The result of all that trading? Awesome, multidimensional, hard-to-put-your-finger-on and—most notably—seriously underrated food, from the sour, veggie-rich sinigang, the obviously Chinese pancit canton, peanutty kare-kare, heart-stopping crispy pata, and the mash-up of ingredients, colors, and textures that is halu-halo. Beyond the sheer variety of dishes, Manila is a real food culture; it’s not uncommon for locals to embark on spontaneous, informal “food trips”—when groups of friends, family, or office mates go out and hop from one dining establishment to another to experience different foods. Fortunately for them (and you), custom dictates five to six meals a day: breakfast, lunch, dinner, plus meriendas (snacks or light meals) in between and often a late-night snack before bed.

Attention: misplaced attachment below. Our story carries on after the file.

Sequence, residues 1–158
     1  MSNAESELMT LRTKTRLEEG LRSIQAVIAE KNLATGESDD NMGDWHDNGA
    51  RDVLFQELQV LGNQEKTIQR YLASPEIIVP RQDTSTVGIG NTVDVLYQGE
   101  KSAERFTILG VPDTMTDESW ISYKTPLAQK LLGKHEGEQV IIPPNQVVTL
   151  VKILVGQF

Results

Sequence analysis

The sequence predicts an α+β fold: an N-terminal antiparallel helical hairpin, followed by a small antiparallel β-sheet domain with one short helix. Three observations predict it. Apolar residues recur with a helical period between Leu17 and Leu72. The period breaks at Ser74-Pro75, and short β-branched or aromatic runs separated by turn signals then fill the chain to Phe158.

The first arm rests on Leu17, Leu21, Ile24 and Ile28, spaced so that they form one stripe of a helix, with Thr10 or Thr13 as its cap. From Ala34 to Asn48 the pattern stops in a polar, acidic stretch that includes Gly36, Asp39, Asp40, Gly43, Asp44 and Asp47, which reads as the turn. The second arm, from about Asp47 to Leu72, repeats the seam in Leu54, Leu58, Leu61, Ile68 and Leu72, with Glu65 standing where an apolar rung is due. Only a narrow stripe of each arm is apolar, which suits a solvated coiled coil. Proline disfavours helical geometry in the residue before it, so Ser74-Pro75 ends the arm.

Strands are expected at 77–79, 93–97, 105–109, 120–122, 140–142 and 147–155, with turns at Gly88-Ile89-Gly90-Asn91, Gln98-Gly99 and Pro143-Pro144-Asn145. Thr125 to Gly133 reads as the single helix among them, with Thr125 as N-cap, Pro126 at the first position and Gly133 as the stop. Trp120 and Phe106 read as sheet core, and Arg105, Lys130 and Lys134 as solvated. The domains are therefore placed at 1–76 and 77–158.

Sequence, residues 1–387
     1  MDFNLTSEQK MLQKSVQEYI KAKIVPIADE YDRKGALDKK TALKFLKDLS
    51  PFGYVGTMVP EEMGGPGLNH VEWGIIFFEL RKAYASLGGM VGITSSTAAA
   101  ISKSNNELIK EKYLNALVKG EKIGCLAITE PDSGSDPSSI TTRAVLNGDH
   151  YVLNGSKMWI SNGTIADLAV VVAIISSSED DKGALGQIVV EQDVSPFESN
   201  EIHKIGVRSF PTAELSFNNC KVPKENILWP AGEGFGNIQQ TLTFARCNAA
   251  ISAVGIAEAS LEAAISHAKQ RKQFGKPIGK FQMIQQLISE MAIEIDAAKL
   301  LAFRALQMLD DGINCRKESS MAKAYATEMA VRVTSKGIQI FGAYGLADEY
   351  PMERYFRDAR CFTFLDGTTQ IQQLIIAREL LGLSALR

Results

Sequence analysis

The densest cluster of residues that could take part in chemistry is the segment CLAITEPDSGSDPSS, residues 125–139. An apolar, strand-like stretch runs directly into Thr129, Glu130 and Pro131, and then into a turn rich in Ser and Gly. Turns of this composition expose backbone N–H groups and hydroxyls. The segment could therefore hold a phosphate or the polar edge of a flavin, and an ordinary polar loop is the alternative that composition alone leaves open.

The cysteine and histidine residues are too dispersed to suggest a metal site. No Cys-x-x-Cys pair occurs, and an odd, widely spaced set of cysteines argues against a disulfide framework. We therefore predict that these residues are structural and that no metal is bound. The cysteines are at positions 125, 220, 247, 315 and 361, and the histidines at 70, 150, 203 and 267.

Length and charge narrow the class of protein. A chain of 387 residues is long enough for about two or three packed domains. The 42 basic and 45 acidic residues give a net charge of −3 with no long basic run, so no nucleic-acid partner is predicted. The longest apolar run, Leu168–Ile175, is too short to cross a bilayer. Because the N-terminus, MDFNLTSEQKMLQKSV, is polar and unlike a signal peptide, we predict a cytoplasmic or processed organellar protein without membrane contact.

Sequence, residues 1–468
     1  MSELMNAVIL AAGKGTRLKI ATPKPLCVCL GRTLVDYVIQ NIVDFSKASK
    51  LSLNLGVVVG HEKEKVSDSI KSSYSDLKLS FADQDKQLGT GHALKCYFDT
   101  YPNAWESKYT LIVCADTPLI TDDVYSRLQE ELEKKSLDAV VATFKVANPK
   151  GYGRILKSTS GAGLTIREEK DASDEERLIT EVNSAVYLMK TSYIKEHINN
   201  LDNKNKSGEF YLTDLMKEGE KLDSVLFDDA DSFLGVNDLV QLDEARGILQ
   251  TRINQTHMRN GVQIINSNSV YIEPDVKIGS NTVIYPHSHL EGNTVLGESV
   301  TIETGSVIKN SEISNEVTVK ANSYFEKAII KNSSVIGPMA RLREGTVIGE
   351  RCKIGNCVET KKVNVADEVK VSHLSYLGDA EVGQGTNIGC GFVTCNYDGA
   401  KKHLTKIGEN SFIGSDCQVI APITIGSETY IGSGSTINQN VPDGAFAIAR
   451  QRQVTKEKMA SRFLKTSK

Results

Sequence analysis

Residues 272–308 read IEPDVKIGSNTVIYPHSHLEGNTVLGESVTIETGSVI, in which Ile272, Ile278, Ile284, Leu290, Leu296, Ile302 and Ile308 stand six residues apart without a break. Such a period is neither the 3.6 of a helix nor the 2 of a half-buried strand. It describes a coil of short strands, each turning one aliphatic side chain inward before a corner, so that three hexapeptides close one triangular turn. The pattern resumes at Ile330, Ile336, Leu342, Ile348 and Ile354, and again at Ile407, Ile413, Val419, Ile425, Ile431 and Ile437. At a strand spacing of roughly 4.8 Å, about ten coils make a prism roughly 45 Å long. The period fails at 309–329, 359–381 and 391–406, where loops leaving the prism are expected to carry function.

If you’re looking for a culinary adventure, it’s time for your own Manila food trip. Here’s your guide.
—Manila text & photos by Mona Polo
Note: Metro Manila is composed of 14 cities, of which the actual capital of the Philippines is the City of Manila. Most of our food picks can be found in three of these cities: Manila, Makati, and Taguig. For purposes of simplification, in this section we use the word Manila to refer to the entire Metro Manila, except where indicated.
Few cities inspire such polar opinions as Manila: You either love it or you hate it, or you love-hate it—but you will never have a neutral opinion of it. An urban sprawl with 12 million inhabitants, Metro Manila can be bewildering to first-timers: rich and poor; densely packed in some places and sprawling in others, towering high-rises dwarfing shanties that spill over estuaries. So-called pocket parks… Read more